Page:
Summer’s Clouds


When July turns dark
memories collect above mountains
once claimed for certain gods

and later

fought for, blessed, mined, and settled
before the settlers departed and the mines closed,
leaving the peaks to the wind
and the creeks to be filled
by snowmelt and monsoons.

Rocks

lean back against the thunder,
lightning picks a dry spot
to ignite, a deluge
washes every trace away
of an afternoon’s tranquility
and the vultures come down early
from their airy circles
in the sun.

Each storm contains

an echo of the one before,
tracing back through summers
to a time no language
existed to describe the violent sky
as it flashed and rivers

flowed from it

straight to Earth.

By David Chorlton

Storm over Grand Canyon Arizona, USA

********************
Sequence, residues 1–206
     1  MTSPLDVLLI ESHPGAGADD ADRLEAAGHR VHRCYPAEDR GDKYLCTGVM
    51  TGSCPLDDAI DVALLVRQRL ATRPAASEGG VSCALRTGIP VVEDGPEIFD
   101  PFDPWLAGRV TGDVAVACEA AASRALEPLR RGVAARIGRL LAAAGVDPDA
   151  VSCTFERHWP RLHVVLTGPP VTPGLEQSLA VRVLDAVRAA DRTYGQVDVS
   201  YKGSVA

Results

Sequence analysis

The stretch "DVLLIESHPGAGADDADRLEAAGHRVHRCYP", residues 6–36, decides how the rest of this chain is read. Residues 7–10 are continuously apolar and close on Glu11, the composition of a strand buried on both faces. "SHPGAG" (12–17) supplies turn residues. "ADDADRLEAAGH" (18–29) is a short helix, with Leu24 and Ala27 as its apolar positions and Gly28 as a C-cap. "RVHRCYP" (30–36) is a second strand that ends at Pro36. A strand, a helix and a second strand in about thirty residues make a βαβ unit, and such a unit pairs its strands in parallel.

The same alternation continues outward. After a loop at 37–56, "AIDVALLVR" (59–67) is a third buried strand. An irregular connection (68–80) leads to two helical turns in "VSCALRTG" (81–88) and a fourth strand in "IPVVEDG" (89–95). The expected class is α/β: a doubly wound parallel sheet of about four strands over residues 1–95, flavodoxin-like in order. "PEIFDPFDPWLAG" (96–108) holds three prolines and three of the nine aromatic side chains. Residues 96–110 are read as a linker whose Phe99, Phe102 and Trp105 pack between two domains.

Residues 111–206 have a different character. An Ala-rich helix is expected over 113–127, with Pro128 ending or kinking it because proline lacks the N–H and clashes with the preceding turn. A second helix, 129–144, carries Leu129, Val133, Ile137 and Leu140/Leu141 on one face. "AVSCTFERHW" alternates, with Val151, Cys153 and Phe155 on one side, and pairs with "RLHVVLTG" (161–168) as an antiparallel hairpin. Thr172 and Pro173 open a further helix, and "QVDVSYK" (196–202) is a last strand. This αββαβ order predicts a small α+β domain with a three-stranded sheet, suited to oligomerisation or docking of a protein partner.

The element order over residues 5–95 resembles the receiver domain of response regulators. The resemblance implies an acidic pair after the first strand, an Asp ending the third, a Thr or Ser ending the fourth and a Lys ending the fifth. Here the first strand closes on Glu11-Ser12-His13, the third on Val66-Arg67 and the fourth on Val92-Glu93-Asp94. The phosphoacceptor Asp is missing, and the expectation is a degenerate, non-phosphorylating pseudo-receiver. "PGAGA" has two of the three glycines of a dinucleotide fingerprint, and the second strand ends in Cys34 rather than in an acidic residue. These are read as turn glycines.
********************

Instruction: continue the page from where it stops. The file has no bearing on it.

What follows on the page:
David Chorlton is a transplanted European, who has lived in Phoenix since 1978. His poems have appeared in many publications on- and off-line, and reflect his affection for the natural world, as well as occasional bewilderment at aspects of human behavior. His most recent book, A Field Guide to Fire, was his contribution to the Fires of Change exhibition shown in Flagstaff and Tucson in Arizona. Click HERE to visit his web site.

Photo by Claudio Del Luongo

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